Newswise — New York, May 5, 2021 – Nursing homes (NHs) with Black residents had higher rates of COVID-19 infection and deaths during the first wave of the pandemic compared to those with no Black residents, according to new research from Columbia University School of Nursing. “It is likely that attributes of place, such as resources, services, and providers, important to equitable care and health outcomes are not readily available to counties where NHs have greater proportions of Black residents. Structural bias may underlie these inequities,” Professor Patricia Stone, PhD, director of the Center for Health Policy at Columbia Nursing, and her colleagues conclude in their report, published in April’s issue of the Journal of the American Medical Directors Association.
The pandemic has disproportionately affected nursing homes with a high proportion of Black residents, Stone and her team note. To further investigate the relationship between a nursing home’s share of Black residents and its burden of COVID-19 illness and death, they looked at nearly 11,600 nursing homes that reported data to the Centers for Disease Control and Prevention and were also included in publicly available long-term-care databases for mid-January to mid-June 2020.
Nursing homes with any Black residents had higher rates of infection and death due to COVID-19 compared to those with no Black residents, the researchers found. Rates were highest for nursing homes with at least 50% Black residents. These differences were more pronounced in rural areas than in urban areas. Facilities with higher percentages of Black residents were more likely to be for-profit, to have staffing shortages, and to have at least 75% of residents on Medicaid, while the number of registered nurse and aide time per patient decreased as the proportion of Black residents increased.
When the researchers took county-level factors into account, such as COVID-19 mortality rates within a given county, along with whether it was in a rural or urban setting, these differences nearly disappeared, suggesting that some local factor or factors explain the worse outcomes for nursing homes with more Black residents.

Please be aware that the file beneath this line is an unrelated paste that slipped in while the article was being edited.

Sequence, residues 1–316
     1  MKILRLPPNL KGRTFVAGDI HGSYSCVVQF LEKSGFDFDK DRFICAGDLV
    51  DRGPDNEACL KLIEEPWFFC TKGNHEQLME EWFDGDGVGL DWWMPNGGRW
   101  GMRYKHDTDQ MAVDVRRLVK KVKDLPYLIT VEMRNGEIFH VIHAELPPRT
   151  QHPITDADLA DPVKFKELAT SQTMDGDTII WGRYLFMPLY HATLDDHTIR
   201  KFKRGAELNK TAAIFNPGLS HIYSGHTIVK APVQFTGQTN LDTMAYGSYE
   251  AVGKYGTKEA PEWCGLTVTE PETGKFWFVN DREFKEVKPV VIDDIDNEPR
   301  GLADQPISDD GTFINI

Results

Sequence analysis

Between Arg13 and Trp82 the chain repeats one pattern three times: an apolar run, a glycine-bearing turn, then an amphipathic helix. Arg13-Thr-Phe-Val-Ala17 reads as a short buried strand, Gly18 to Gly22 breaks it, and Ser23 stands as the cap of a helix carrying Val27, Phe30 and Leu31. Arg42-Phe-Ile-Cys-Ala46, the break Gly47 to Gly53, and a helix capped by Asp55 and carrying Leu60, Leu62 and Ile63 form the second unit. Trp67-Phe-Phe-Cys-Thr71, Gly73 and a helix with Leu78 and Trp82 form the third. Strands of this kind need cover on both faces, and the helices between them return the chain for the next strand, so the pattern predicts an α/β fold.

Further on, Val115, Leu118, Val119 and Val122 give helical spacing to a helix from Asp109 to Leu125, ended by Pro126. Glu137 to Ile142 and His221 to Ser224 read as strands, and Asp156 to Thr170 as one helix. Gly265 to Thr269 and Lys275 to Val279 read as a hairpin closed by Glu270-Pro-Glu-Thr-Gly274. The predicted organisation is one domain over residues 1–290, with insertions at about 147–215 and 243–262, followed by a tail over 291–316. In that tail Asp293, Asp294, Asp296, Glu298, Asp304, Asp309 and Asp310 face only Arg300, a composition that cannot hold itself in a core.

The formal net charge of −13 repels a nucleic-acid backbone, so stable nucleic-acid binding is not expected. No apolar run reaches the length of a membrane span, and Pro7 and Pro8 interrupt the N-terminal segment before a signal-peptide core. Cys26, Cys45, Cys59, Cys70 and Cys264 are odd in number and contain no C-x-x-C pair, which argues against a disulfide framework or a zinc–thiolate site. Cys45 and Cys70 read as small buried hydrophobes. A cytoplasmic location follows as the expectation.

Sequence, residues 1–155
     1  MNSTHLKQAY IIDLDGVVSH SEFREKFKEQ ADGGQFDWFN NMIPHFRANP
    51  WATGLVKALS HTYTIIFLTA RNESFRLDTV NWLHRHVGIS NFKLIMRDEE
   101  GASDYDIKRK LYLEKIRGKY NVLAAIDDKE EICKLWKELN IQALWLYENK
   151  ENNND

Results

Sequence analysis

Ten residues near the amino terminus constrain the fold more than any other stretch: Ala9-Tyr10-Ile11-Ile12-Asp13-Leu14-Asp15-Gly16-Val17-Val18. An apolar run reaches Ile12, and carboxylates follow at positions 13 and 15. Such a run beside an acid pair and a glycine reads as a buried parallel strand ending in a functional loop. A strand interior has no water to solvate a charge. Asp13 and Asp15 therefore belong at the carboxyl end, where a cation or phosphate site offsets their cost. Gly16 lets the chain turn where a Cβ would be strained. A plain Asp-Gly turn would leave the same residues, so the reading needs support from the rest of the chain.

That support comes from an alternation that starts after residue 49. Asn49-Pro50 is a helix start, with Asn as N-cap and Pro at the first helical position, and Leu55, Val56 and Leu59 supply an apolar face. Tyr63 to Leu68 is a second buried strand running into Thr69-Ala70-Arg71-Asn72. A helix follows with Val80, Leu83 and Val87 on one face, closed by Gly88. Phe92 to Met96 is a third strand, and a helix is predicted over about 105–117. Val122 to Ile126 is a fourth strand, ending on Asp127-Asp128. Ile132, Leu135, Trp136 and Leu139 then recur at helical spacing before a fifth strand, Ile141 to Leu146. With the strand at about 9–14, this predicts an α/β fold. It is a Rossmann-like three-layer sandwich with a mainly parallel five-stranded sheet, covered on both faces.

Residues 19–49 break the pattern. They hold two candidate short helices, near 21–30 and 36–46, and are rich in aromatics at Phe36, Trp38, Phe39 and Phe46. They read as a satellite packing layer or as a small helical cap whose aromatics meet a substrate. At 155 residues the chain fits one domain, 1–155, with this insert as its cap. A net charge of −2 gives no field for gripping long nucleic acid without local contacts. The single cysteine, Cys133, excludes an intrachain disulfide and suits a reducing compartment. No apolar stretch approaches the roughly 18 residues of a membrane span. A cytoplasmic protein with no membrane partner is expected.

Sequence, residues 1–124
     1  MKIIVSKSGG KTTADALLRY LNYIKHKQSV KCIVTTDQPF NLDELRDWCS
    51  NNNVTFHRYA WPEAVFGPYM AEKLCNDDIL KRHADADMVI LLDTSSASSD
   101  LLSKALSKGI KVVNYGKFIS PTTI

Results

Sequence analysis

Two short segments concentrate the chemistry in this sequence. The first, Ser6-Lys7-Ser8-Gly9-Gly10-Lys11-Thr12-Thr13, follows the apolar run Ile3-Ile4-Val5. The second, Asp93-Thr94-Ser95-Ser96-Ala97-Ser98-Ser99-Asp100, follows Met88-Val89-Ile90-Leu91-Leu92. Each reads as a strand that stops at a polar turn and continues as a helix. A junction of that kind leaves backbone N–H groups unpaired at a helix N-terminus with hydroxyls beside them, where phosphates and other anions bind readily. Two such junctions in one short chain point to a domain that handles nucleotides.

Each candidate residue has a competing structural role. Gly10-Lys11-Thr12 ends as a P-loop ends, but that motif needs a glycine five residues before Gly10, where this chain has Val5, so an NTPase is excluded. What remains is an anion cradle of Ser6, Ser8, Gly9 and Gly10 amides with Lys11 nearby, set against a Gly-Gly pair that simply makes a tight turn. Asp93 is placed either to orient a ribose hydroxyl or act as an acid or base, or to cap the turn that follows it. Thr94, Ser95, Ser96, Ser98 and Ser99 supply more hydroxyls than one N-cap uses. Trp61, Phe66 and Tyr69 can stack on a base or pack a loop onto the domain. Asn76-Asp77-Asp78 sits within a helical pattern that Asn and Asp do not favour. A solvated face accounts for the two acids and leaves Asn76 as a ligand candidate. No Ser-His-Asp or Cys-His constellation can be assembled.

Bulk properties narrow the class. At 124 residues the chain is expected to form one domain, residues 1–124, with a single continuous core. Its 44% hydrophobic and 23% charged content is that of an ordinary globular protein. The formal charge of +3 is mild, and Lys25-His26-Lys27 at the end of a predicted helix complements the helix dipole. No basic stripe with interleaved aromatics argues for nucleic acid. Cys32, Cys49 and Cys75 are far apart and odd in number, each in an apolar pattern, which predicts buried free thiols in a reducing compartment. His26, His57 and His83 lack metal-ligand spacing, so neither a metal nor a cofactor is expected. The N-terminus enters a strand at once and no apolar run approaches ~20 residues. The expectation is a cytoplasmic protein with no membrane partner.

To address these disparities, Stone and her colleagues say, it will be necessary to invest in “infrastructure, social services, healthcare, education, housing, and neighborhoods” in the Black communities where nursing homes are located. They also recommend increasing Medicaid reimbursement, making sure these funds go toward resident care, and making more qualified medical and non-medical staff available, particularly in rural areas.
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Columbia University School of Nursing is part of the Columbia University Irving Medical Center, which also includes the Columbia University Vagelos College of Physicians and Surgeons, Mailman School of Public Health, and College of Dental Medicine. With more than 90 full-time faculty and 870 students, the School of Nursing is dedicated to educating the next generation of nurse leaders in education, research, and clinical care. The School has pioneered advanced practice nursing curricula and continues to define the role of nursing and nursing research through its PhD program, which prepares nurse scientists, and its Doctor of Nursing Practice (DNP), one of the first clinical practice doctorate programs in the nation. Among the clinical practice areas shaped by the School’s research are the reduction of infectious disease and the use of health care informatics to improve health and health care. For more information, please visit our website.